On June 8, 2020, the Democratic People’s Republic of Korea (North Korean Government) cut all lines of communications with the Republic of Korea (South Korean Government). Eight days later, an explosion destroyed the joint liaison building which had been used to host meetings between the two governments. The bombing was instantly seen as an act of aggression by North Korea and prompted a sharp response from its South Korean counterpart. Fears of an armed conflict gripped neighborhood countries as tensions continued to rise. Many eyes in both China and the United States were watching for the events very well could have led to the re-ignition of the Korean War (1950-1953), a conflict that never officially ended. I am constantly amazed at the expressions of surprise people display upon learning this fact. It seems surreal but the fact is that the Korean is still an “open” conflict that is only contained by the 39th Parallel and the watchful eyes of several foreign countries over North and South Korea. The war itself is often reserved for military buffs and overshadowed by both World War II and the Vietnam War. However, the reality is that the conflict in Korea nearly evolved in World War III. Author Hampton Sides is here to tell us about the role of the United States Marines and their experience in the Battle of the Chosin Reservoir.
When the North Korean army under the command of Kim Il-Sung (1912-1994) invaded South Korea on June 25, 1950, the United States came to the aid of its ally and engaged the North Korean army in fierce combat. As the conflict intensified, President Harry S. Truman (1884-1982) turned to the legendary Gen. Douglas McArthur (1880-1964) to assess the situation in Korea. Assured that the North Koreans could not win and would beaten back shortly, Truman breathed a sigh of relief. McArthur in turn, looked to the military to handle the growing need for combat troops. And the time had come for the United States Marine Corps to show what it was made of. Under the direction of Gen. Oliver Prince Smith (1893-1977), the First Marine Division was dispatched to aid South Korea and push the North Koreans back to Pyongyang. The landing by the First Marine Division and steady advance of infantry soldiers had nearly everyone convinced that Korea would be a short campaign that would barely last several months. But America soon learned that there was more to meet the eye and the People’s Republic of China under Chairman Mao Zedong (1893-1976) would leave its mark on Korean soil and the minds of the Marines who survived hell on earth.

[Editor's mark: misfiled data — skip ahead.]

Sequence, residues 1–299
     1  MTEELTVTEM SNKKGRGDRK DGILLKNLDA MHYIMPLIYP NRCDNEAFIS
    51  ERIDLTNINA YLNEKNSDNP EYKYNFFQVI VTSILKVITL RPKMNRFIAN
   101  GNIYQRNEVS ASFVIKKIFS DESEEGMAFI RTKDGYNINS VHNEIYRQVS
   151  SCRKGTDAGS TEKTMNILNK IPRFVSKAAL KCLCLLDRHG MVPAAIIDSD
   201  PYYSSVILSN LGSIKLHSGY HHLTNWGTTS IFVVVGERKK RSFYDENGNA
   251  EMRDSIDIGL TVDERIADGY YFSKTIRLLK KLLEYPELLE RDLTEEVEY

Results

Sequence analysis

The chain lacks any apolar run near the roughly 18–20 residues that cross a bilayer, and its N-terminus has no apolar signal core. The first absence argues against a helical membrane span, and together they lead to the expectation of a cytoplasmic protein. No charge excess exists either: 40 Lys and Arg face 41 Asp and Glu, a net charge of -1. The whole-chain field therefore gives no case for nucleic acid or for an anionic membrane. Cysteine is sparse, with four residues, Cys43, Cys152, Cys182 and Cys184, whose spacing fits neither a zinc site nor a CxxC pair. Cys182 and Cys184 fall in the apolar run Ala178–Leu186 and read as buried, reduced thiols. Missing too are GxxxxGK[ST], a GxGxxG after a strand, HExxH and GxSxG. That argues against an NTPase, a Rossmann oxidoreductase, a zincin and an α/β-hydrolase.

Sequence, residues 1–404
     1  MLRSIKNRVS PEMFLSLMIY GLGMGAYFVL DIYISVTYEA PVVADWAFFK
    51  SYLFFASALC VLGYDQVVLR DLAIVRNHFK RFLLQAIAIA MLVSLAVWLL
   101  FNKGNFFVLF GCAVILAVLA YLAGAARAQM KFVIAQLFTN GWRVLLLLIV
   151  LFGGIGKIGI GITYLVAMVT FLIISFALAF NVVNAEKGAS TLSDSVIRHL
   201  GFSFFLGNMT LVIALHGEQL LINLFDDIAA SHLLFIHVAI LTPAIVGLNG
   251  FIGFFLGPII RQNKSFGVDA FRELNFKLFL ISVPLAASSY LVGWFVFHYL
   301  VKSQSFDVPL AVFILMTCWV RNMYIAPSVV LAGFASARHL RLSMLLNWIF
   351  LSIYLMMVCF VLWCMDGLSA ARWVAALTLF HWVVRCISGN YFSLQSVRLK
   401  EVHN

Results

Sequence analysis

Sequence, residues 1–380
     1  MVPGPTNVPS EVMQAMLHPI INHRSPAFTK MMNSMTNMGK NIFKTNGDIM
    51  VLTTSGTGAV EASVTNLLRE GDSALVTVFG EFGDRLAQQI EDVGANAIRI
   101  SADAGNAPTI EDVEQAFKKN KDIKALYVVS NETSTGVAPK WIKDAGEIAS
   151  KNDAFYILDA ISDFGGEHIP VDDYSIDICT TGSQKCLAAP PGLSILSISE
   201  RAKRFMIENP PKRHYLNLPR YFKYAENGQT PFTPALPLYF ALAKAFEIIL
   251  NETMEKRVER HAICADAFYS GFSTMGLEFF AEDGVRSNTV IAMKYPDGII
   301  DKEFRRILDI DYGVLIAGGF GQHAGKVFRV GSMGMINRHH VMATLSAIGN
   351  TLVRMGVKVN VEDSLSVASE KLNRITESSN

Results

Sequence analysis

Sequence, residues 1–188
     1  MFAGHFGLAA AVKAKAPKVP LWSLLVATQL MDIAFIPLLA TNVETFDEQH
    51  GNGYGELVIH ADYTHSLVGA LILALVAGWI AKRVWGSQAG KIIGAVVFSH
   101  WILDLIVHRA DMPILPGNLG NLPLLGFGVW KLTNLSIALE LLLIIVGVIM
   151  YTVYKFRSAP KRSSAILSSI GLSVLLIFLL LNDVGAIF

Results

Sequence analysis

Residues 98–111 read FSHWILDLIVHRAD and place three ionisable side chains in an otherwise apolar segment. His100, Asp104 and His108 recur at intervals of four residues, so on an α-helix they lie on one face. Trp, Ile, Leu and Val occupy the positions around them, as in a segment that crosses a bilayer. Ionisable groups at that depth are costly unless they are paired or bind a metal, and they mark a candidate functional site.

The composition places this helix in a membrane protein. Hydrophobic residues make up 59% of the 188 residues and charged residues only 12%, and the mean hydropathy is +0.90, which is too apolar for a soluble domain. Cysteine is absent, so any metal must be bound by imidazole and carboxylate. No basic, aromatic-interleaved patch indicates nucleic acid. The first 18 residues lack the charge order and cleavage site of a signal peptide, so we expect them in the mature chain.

Several individuals in the Marines’ chain of command were confident that the Marines would face little resistance as they marched across Korea. General Edward Mallory “Ned” Almond (1892-1979) as among them and pressed his subordinate Gen. Smith to advance and continue pushing the North Koreans back all the way to their capital city. Almond makes several appearances in the story and on occasion proves to be nearly as dangerous as the Koreans the Marines were fighting. The mission starts off well until the Marines make a shocking discovery and learn that the Chinese military has come to the aid of the North Koreans. The realization that China had now entered the conflict sent shockwaves through Washington. It was seen as the biggest intelligence failure in recent memory. But was it really a failure? Hampton Sides explores the issue and what he explains just might cause some readers to shake their heads in disbelief.